The Dynamic Frame: Camera Movement in Classical Hollywood

Chapter Two: Purposes and Parallels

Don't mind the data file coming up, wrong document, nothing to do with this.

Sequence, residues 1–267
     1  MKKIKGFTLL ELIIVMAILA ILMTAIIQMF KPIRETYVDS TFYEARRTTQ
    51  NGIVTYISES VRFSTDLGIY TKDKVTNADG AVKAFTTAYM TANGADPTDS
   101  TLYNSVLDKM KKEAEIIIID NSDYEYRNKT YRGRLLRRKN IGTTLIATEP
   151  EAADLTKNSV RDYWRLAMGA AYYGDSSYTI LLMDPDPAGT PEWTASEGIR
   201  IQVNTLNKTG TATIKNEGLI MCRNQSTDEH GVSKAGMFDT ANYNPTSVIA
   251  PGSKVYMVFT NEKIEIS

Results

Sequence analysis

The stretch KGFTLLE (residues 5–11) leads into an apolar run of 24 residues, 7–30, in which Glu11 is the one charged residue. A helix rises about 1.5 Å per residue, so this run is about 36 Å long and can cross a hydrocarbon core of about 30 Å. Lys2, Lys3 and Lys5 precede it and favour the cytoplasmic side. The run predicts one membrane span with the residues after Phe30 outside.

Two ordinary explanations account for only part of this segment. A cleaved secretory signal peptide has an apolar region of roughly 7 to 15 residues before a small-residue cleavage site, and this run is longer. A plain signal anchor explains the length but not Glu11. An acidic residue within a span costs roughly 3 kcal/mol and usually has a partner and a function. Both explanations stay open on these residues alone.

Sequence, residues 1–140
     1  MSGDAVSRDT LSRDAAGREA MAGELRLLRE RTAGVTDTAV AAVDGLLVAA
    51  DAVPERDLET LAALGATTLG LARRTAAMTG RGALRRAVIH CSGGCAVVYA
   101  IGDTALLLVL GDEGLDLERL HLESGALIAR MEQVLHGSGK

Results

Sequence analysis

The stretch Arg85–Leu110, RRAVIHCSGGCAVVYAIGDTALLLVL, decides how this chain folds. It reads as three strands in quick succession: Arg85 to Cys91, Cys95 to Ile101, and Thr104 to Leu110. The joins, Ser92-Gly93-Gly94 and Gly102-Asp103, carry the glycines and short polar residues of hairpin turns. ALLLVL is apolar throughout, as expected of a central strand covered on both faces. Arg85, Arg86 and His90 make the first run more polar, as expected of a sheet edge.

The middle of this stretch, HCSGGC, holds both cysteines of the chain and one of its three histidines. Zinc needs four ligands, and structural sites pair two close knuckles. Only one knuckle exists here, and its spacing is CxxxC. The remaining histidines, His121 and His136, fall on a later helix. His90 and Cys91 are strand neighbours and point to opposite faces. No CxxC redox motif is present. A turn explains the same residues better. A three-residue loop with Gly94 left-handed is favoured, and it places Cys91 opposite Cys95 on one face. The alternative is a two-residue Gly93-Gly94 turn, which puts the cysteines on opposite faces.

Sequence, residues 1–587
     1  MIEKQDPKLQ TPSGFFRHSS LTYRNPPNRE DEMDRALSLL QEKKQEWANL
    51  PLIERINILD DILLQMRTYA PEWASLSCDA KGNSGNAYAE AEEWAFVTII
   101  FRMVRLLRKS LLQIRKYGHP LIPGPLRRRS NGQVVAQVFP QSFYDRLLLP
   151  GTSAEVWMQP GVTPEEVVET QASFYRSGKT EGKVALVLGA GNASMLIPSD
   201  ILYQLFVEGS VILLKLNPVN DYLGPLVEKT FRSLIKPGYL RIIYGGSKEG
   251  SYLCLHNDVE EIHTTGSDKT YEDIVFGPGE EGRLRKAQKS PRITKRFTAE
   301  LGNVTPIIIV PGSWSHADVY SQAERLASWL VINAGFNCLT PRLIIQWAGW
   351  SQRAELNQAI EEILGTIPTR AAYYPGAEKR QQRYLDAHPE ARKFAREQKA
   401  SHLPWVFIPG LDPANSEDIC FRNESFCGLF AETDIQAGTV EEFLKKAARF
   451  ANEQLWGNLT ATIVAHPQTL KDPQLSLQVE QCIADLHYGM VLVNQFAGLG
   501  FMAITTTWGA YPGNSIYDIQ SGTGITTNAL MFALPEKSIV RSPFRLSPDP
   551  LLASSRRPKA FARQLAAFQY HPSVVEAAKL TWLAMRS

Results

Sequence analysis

Although the transition to sound posed some obstacles for camera movement, Hollywood solved the relevant technological problems relatively quickly, incorporating several newly designed dollies and cranes. The bigger challenge was figuring out when to move the camera and why. Some filmmakers appealed to means-end thinking, proposing various functions that the moving camera might serve. Others appealed to analogical thinking, arguing that the camera's movements should be modeled on those a person might perform. Parallels served purposes. By arguing that the camera should (or should not) move like a person, the practitioner-theorist established assumptions about what the camera could (or could not) do. This page includes links for all of the chapter's illustrated clips. For clips that are mentioned in the chapter, but not illustrated, see the "Additional Clips" page. 

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